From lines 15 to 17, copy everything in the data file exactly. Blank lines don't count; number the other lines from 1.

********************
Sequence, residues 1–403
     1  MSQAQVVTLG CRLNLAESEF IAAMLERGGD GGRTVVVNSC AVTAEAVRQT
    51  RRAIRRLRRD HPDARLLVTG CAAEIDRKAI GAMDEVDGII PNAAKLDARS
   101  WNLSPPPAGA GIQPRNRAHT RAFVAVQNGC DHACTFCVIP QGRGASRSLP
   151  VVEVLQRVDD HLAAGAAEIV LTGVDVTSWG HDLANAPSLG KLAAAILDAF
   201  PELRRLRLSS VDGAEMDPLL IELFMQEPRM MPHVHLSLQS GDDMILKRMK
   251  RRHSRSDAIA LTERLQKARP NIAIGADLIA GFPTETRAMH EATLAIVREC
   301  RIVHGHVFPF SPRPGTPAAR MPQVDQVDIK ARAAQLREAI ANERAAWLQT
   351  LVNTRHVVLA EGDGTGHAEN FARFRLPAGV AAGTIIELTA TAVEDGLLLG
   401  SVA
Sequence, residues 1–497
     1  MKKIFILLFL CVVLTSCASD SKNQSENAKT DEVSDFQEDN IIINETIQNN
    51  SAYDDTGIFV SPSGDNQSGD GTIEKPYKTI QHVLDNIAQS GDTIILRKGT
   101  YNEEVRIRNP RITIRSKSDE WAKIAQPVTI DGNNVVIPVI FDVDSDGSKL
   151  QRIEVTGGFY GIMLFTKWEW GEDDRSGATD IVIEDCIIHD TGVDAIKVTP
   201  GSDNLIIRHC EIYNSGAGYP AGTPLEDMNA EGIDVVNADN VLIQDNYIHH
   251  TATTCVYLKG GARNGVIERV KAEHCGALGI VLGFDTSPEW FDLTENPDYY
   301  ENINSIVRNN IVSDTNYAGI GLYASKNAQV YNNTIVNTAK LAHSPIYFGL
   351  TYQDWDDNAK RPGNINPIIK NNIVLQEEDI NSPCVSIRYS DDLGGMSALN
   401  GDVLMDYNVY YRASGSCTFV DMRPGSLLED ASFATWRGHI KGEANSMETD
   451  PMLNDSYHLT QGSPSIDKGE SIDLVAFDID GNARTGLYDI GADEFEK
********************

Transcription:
   151  QRIEVTGGFY GIMLFTKWEW GEDDRSGATD IVIEDCIIHD TGVDAIKVTP
   201  GSDNLIIRHC EIYNSGAGYP AGTPLEDMNA EGIDVVNADN VLIQDNYIHH
   251  TATTCVYLKG GARNGVIERV KAEHCGALGI VLGFDTSPEW FDLTENPDYY